Blind Spots

Laws of Form showed in a formal way that the observer and observed coincide. In particular, the mark of distinction (˥) established the relation between distinction and indication: there cannot be a distinction without indication, and the other way round. The distinction severs a space in a marked and a unmarked state. An observer can observe only the marked side of the distinction in the act of observing, the other side is his blind spot. So, everyone has blind spots, which you can put to the test by yourself by observing the Necker cube and the Rubin vase.

The cube can viewed from two perspectives, but not at the same time.

Figure: viewing a cube from two perspectives.
If you have trouble seeing both perspectives, then the dotted, hidden edges might help to discern them.
Figure: first perspective to view the cube from.
Figure: second perspective to view the cube from.

You see the vase or the two silhouettes, but again, not at the same time.

Figure: do you see a vase or do you see the silhouettes?

At any one time, one view is perceived, whereas the other view is currently in your blind spot. Not only in the moment you perceive you have a blind spot, the very way how you perceive have its (implicit) blind spots as well because of the distinctions you apply. You need someone else to point out your blind spots to you.

Figure: first and second order observation.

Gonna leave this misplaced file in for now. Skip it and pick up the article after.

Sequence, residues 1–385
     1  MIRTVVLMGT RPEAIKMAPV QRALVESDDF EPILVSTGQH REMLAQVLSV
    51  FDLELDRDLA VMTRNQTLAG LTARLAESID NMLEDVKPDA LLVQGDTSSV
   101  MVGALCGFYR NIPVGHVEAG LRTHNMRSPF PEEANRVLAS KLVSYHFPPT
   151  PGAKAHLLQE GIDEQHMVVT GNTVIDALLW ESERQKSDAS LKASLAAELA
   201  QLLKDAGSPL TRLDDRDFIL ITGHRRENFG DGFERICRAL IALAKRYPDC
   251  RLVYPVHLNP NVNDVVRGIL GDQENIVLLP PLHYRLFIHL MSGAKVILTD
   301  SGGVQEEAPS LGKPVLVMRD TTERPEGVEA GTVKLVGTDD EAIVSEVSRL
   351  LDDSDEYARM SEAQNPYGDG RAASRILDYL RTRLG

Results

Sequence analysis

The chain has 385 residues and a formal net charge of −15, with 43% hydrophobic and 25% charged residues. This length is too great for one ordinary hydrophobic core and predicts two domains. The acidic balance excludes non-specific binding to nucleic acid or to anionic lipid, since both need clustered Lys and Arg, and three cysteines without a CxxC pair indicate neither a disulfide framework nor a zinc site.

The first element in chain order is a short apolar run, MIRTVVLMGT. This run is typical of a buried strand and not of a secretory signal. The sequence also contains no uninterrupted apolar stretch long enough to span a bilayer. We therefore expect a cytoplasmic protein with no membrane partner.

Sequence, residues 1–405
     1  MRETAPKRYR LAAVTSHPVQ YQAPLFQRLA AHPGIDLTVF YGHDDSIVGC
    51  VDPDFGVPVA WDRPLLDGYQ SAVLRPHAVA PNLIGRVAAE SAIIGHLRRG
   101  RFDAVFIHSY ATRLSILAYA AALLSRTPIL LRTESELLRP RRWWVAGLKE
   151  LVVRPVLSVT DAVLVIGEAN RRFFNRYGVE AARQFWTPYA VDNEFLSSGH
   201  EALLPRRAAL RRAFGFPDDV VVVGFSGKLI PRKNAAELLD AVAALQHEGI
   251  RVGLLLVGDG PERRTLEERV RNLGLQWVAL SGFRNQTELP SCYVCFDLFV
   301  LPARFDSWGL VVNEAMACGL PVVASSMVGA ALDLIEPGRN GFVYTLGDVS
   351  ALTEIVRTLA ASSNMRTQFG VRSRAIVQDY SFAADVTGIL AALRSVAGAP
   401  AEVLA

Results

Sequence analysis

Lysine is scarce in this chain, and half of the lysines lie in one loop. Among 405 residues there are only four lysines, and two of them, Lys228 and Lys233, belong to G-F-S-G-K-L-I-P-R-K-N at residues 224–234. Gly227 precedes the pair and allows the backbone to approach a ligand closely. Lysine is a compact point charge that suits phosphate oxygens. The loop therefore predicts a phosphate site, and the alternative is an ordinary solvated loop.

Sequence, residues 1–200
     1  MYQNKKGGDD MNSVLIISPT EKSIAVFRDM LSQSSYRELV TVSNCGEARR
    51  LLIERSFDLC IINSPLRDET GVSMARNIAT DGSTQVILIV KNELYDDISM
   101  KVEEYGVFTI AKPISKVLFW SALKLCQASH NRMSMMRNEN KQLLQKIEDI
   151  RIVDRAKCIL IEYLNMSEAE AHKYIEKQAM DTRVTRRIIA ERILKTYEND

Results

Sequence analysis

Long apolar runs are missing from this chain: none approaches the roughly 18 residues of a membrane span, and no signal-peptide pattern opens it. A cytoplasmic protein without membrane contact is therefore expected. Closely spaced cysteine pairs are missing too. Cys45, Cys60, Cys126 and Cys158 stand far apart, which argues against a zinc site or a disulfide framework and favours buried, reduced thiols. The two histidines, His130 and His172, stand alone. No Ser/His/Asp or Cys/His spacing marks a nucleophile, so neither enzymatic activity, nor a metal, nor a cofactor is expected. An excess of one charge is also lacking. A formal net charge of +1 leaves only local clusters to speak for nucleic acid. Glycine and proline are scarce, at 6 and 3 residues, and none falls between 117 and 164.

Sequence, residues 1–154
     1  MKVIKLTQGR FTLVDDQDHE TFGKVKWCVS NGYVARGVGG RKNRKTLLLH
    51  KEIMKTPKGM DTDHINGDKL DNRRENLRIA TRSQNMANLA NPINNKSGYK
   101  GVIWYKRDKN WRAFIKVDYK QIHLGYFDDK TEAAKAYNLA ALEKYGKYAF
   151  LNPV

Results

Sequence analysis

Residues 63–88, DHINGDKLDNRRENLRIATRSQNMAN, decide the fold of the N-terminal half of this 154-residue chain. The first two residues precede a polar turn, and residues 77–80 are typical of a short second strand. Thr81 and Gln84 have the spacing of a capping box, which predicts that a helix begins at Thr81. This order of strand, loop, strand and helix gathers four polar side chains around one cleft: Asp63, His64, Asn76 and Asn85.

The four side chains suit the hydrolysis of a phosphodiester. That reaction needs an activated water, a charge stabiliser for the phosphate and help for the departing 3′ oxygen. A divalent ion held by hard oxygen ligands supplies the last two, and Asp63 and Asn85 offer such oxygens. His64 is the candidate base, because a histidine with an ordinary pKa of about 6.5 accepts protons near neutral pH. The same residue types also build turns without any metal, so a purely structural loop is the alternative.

When you look at an object in the outside world, you are a first-order observer. A second-order observer observes how a first-order observer observes the outside world. So, the focus of attention is switched to how one looks, instead of what one sees. This is an important shift because it opens the possibility to thoroughly think through questions like: why is someone doing or saying things the way he does or says? The answers can be found in observing the distinctions that are made by taking a second-order point of view.




Statement: You need someone else to point out your blind spots to you.

Statement page Aspect Statement
Blind Spots Critical Reflection You need someone else to point out your blind spots to you.
Determining Boundary Judgements with CSH Critical Reflection A constructive dialog can take place on the basis of first and second order boundary judgments.
Self-observation Critical Reflection Concentrate on how to look, instead of what to see.






















Lees hiervoor: Second-Order Cybernetics
Lees hierna: Self-observation